Clipp’d Wings

I am delighted that the Walking Artists Network have published a blog about this project here.

During the first Covid-19 period of Spring – Summer 2020, I walked and collected feathers. This collection has grown into a mixed media project called Clipp’d Wings, which I am still in the process of completing. Would you like to be part of it?

Feathers collected in June 2020 for Clipp’d Wings

The severe travel limitations imposed by the governments around the world affected many of us from March onwards, and I had received a number of foreign invitations to lead and co-create Shiatsu projects on death and life. Although I had booked a flight to go to Athens, I planned to return home overland: walking and meeting with people in seven countries including Macedonia, Serbia and Hungary. Later, my events in France and Portugal would have involved journeying across Spain. None of these have yet taken place, maybe they never will.

Magpie feathers

As someone who has been travelling in Europe extensively during the past four years, this period was really very different. Moreover, I usually live in Scotland, by the sea, where flocks of gulls and oyster catchers wheel and glide over the harbour, crying and peeping as they settle and paddle on the shore. By contrast, the part of Kent where I was living is landlocked, and I was only able to visit the beach once in 5 months.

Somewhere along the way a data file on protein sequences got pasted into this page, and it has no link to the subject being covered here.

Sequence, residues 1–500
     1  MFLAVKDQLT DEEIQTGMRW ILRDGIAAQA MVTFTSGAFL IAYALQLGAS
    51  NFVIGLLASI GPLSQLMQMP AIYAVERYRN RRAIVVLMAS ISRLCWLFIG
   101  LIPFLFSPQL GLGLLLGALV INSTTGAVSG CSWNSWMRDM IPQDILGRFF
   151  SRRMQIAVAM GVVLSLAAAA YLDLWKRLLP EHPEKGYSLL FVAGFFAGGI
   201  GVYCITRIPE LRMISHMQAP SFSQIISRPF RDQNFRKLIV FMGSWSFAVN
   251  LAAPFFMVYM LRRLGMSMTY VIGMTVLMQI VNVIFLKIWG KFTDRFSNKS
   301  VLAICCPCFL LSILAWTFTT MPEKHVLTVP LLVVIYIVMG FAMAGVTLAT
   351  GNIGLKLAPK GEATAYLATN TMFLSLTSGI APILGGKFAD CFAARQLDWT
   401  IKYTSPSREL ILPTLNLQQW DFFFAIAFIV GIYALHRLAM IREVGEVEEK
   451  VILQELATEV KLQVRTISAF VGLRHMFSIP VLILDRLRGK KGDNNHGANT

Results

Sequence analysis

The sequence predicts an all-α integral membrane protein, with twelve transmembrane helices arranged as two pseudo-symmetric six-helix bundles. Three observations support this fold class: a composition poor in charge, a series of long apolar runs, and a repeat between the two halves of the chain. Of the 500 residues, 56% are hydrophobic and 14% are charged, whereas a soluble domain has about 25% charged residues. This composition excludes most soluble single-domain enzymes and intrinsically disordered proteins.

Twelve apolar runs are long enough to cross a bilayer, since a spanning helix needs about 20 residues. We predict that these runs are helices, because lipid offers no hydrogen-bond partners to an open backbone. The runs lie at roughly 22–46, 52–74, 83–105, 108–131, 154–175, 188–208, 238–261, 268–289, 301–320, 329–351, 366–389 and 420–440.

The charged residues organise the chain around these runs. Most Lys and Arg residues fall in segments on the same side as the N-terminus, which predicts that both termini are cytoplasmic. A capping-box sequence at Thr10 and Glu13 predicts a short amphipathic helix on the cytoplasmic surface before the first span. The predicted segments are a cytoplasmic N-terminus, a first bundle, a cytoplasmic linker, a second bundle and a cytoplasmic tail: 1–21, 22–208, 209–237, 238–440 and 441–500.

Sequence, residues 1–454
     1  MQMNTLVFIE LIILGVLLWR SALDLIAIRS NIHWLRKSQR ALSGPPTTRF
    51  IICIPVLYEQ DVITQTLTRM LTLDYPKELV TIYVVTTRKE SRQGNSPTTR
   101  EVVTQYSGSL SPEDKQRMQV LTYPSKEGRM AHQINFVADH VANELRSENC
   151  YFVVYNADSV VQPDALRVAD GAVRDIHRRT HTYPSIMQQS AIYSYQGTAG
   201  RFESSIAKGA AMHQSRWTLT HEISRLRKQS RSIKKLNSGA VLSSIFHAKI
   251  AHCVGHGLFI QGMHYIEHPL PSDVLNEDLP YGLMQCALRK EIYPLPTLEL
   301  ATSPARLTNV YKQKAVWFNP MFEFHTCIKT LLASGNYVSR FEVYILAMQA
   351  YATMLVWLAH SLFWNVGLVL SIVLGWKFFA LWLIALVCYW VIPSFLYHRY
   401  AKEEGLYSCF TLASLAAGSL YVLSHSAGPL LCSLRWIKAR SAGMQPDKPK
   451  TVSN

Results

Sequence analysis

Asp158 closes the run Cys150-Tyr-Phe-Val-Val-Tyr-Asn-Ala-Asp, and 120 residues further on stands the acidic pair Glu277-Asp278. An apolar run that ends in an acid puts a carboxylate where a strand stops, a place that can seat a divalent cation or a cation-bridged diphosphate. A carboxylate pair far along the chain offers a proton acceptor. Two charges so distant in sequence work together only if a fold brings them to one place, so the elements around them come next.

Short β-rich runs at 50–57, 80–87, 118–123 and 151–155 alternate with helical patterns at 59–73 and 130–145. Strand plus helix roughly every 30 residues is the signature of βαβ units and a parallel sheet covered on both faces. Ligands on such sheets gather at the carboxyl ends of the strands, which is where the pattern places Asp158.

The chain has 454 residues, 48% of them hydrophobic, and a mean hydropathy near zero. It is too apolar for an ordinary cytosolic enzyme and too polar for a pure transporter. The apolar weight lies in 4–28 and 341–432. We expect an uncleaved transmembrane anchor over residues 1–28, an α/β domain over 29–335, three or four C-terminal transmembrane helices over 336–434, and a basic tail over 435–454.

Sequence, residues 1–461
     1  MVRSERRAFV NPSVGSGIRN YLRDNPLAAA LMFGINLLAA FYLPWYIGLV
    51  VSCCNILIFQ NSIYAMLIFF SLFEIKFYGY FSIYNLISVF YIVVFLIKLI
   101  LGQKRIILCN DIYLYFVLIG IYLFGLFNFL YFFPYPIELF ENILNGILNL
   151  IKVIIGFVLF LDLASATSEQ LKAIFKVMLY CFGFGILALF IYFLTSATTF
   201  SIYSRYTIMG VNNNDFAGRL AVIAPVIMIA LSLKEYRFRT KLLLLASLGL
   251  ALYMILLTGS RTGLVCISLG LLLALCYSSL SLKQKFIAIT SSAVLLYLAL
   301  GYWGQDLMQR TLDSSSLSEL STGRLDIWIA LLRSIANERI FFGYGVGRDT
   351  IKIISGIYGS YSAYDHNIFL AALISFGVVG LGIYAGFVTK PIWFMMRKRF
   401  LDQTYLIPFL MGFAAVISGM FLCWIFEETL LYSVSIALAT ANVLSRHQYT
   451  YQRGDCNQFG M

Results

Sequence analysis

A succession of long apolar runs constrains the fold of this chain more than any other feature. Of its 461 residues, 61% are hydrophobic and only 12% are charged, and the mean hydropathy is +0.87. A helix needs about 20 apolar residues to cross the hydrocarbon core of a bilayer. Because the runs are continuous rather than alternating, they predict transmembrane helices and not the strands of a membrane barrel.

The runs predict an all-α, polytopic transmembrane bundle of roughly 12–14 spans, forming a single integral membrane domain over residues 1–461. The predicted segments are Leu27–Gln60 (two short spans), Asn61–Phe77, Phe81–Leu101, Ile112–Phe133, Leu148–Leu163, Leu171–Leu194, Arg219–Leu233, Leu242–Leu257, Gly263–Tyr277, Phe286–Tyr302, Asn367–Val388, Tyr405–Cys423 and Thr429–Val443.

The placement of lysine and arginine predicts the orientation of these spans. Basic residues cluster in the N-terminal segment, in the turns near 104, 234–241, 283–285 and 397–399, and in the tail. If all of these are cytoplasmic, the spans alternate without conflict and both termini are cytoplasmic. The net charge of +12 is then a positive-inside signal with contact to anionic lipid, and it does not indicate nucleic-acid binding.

Taken from a great distance – birds sitting on rooves at Granton Harbour
Harper engraving of homing pigeons (Wikipedia)

Many of the feathers I picked up were from pigeons. The Persians, Romans and Greeks all used pigeons to convey messages. These post pigeons were taken in cages (not planes) to where the sender lived, had a message attached to their legs, and were then released to fly home – something they did naturally.

Rookery, Kent